Researcher studying near-collapse behavior of reinforced concrete buildings

July 13, 2021

Portrait of Sarah Orton

Sarah Orton

While it’s still too early to determine what caused a condo to collapse in Florida last month, a Mizzou Engineer is looking into some of the possible causes of collapse of buildings under constant loads.

“Most collapses aren’t due to just one cause; there are a lot of things contributing,” said Sarah Orton, an associate professor and director of undergraduate studies in the Civil and Environmental Engineering Department.

One of the biggest factors? Time. Orton is currently studying the role time plays in the overall life span of a building as part of ongoing research on structural failure.

“Concrete has a time dependent effect,” she said. “The strength of concrete under a high load for a long period of time is less than that under a short period.  In addition, the building structure may be deteriorating due to causes like corrosion. After 40 years, there may be enough corrosion for the structure to lose capacity enough that the building may fail. We’re trying to understand how time contributes, and once we get that figured out, we can start looking at other things to really understand the capacity of a structure.”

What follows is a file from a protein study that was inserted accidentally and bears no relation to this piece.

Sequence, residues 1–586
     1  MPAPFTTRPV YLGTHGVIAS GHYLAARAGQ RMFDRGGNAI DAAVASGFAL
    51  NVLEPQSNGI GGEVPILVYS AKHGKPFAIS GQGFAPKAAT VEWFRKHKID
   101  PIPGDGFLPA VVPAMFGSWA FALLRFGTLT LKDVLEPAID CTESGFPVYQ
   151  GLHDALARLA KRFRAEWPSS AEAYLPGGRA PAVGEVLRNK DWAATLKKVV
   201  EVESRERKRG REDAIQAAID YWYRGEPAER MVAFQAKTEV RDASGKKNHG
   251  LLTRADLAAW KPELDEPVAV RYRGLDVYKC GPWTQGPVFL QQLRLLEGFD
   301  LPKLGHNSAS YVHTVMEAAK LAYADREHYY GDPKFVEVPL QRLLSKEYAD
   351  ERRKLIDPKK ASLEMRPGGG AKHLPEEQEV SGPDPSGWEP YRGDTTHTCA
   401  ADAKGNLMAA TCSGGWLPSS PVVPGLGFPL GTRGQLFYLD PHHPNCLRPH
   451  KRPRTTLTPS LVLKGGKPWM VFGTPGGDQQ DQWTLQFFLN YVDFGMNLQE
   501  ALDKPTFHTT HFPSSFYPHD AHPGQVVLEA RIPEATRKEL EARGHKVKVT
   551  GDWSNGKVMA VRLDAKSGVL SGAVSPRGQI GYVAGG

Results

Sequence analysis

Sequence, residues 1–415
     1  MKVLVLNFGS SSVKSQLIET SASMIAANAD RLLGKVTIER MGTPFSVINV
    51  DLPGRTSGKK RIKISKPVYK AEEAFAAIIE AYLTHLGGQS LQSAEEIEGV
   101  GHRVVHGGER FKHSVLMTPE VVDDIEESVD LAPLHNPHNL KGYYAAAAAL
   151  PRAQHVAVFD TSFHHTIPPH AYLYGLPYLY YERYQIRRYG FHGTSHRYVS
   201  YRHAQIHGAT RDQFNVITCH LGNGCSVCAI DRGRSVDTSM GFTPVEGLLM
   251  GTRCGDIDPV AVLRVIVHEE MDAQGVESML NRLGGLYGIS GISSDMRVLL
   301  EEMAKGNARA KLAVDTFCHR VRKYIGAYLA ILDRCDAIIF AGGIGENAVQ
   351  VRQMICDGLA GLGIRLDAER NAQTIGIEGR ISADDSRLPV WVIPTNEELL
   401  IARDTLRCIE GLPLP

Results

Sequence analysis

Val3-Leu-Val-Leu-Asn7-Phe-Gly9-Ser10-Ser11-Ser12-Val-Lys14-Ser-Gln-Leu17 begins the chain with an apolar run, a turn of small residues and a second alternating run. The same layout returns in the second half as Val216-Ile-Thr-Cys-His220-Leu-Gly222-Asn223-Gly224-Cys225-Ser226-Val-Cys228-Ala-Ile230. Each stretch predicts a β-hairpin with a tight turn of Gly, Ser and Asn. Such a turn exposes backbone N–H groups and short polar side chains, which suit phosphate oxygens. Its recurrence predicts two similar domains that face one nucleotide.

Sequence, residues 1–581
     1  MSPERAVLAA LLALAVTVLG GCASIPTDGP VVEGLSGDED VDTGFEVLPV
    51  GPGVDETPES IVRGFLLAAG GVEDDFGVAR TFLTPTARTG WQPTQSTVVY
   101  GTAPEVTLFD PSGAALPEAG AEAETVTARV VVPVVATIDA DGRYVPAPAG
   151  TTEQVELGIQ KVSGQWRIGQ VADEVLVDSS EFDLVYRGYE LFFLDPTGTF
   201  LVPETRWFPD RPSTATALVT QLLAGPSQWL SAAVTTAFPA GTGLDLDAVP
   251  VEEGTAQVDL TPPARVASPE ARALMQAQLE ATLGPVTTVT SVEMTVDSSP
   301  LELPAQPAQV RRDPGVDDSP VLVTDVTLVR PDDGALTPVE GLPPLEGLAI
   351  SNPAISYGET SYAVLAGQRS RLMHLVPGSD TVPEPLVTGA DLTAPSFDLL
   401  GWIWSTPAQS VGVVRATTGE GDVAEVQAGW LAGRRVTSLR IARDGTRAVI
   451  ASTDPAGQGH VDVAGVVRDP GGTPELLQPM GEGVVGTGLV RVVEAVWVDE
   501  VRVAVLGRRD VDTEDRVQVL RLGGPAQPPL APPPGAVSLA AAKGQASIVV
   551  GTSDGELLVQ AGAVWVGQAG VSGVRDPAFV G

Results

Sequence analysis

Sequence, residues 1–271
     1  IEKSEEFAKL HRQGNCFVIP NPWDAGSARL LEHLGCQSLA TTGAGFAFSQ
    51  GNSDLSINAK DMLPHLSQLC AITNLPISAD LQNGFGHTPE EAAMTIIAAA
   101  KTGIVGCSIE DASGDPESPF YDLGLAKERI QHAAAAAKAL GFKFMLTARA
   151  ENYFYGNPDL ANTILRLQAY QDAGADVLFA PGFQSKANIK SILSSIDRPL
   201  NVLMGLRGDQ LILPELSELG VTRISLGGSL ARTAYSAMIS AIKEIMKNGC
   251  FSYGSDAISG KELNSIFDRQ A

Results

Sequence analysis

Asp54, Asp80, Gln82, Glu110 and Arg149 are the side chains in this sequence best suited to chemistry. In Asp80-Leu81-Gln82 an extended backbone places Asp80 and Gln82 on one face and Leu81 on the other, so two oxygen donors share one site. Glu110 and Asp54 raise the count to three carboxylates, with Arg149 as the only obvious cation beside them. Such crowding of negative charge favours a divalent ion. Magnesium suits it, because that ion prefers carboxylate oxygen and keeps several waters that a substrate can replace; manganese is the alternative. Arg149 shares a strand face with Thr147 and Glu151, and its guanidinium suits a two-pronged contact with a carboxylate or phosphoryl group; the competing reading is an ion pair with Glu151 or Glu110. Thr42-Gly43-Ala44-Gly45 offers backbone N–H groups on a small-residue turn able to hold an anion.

With funding from the National Science Foundation, Orton investigates the near-collapse behavior of reinforced concrete buildings under sustained gravity loads. Gravity loads are mostly composed of a building’s own weight, but also include the weight of interior objects such as heavy heating and cooling equipment.

While buildings are designed with a high factor of safety, problems such as design and construction errors, poor-quality materials, overloading and deterioration can decrease the safety factor of a building. The cumulative effect over time can lead to partial failure, such as one column cracking or breaking. That puts more weight on other support columns and can lead to a progressive collapse.

Orton’s team recently wrapped up lab tests of flat plate connections, which is a similar structural system as used at the Champlain Towers South building that collapsed on June 24. Flat plates are concrete slabs supported on columns.

For that work, she used half-scale concrete models, determining how long a slab can hold a certain amount of weight. She is now using that data to translate the work into computational models that will provide insight into what happens on a larger scale.

Ultimately, the research could help guide building design, allowing engineers to better predict and account for the behavior of material over time.

“I’m hoping with this additional work and research, we really understand the behavior of these types of structures,” Orton said, “and are able to prevent collapses here and around the world.”